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Archbishop to step in on Sabah conflict

Palma vows to alert Vatican after meeting sultan

Jamalul Kiram III and members of his family. (Photo by Ponce Luna)
  • ucanews.com reporter, Manila
  • Philippines
  • April 2, 2013
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The head of the country's bishops’ conference yesterday said he will bring the conflict between Malaysia and the Sulu Sultanate to the attention of the Vatican.
 
Archbishop Jose Palma of Cebu made the assurance after meeting with the so-called Sulu sultan, Jamalul Kiram III, yesterday.
 
"I believe there are agencies in Rome that can be of service in this regard," Palma said after the meeting. 
 
Nearly 5,000 Filipinos have fled Sabah since bloody hostilities erupted last month between the followers of the sultan and Malaysia’s armed forces. An estimated 4,721 people have taken refuge in Mindanao, according to a report by the National Disaster Risk Reduction and Management Council.
 
Palma said the situation in Sabah is not about religion anymore but about the "search for peace and harmony."
 
"There is a Christian and Muslim way of searching for peace, especially in the situation of Sabah," Palma said after the 30-minute talk with Kiram. The meeting was arranged by the Volunteers Against Crime and Corruption and the Gausbaug Coalition for Peace and Humanitarian Resolution of Sabah.
 
Palma left yesterday for the International Eucharistic Congress at the Vatican.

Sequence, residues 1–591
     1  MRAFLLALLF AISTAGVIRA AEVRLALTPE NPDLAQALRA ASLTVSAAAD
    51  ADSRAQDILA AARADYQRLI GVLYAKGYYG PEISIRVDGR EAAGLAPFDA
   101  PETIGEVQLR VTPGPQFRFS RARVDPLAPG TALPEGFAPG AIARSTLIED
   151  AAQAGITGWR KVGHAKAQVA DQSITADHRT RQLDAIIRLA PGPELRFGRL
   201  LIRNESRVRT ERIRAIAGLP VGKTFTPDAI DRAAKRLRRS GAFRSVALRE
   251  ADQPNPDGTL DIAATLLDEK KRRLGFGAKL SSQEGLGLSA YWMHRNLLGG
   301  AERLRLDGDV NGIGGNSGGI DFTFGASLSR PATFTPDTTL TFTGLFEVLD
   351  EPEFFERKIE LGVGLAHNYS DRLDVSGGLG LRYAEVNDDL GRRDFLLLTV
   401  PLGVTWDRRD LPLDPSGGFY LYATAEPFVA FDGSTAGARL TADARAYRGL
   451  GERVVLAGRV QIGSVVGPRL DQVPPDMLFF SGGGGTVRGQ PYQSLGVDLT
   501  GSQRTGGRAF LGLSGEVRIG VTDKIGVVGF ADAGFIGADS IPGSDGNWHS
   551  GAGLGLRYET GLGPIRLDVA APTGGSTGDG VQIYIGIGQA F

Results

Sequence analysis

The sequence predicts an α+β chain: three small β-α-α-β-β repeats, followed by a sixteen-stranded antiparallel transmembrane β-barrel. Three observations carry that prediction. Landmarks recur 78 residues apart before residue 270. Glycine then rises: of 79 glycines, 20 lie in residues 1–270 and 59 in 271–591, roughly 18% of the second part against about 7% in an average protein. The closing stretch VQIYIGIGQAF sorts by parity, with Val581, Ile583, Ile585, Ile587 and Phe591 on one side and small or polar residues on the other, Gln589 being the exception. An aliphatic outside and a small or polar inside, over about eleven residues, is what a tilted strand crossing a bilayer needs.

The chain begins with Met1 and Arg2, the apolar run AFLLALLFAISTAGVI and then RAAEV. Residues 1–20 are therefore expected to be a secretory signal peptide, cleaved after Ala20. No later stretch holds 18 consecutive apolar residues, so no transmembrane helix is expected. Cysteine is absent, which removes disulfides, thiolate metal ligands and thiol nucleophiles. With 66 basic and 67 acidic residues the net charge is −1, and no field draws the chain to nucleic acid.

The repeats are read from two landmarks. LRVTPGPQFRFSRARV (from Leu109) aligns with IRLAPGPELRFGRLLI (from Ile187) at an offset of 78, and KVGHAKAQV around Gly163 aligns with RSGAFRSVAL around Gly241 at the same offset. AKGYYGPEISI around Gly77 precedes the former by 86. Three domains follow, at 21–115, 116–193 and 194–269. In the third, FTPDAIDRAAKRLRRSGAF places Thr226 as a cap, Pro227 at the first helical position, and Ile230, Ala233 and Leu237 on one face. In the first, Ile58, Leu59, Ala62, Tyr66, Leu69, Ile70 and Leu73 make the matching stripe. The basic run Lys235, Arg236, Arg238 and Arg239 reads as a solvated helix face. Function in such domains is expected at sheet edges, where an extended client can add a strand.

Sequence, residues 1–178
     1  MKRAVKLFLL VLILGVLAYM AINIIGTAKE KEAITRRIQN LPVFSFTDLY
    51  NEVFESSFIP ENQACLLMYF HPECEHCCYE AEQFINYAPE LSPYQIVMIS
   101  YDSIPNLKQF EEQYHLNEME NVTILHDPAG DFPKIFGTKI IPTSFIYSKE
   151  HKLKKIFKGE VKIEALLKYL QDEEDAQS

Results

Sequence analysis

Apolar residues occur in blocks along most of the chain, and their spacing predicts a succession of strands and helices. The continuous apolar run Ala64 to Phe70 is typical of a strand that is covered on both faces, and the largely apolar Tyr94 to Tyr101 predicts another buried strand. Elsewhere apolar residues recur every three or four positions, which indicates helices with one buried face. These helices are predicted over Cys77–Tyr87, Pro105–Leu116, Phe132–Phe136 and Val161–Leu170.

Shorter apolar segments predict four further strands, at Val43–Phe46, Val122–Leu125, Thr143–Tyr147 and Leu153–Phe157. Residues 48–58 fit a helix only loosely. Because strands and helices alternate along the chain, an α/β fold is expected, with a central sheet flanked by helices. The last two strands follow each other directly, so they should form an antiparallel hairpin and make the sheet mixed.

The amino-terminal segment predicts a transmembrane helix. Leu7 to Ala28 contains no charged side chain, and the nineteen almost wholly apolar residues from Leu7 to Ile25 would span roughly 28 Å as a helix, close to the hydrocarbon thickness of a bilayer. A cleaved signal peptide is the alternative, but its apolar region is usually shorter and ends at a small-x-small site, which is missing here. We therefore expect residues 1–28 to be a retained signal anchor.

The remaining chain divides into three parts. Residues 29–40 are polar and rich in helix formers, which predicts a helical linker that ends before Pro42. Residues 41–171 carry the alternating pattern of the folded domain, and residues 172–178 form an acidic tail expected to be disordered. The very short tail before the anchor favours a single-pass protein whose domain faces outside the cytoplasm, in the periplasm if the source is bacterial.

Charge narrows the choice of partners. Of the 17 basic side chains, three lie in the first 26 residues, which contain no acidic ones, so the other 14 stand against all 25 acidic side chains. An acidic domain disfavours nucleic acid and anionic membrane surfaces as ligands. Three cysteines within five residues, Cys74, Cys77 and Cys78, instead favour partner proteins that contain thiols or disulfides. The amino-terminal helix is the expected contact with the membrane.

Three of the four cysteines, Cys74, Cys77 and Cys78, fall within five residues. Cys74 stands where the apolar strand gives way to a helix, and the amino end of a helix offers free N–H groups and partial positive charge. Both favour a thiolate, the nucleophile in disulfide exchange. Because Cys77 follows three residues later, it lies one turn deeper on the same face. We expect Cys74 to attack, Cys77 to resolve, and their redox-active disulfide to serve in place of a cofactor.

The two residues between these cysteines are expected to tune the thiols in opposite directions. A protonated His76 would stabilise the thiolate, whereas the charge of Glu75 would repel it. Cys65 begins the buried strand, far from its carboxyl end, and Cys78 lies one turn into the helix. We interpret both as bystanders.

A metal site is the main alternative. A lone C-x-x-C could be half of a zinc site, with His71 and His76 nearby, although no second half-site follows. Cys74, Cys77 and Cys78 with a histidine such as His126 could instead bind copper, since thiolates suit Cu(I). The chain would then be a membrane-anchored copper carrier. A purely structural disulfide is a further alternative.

Princess Jaycel Kiram, the sultan's daughter, expressed thanks to Palma, saying the meeting shows "Muslim-Christian solidarity in the Philippines."
 
"The sultanate wants peace. What it really wants to do is sit down and talk," she said. "For both Malaysia and the Philippines, if they really want this issue to be resolved, they should prove it [through dialogue]."
 
About 200 of Kiram's followers, headed by so-called Sulu Crown Prince Agbimuddin Kiram, went to Sabah on February 12 in a bid to "reclaim" their homeland, which led to a standoff with Malaysian security forces.
 
Malaysian authorities later responded by conducting a series of attacks, resulting in the death of at least 60 people.
 
The origin of the claim dates back to the end of the 19th century during British colonial rule of Malaya and is complicated – in theory – by the Kiram's assertion that he is the rightful ruler of all of Sabah, one of the 13 states of Malaysia which covers more than 73,500 square kms.
 
Sabah is home to thousands of Filipino Muslims who have left areas plagued by decades of insurgency wars in adjacent Mindanao.
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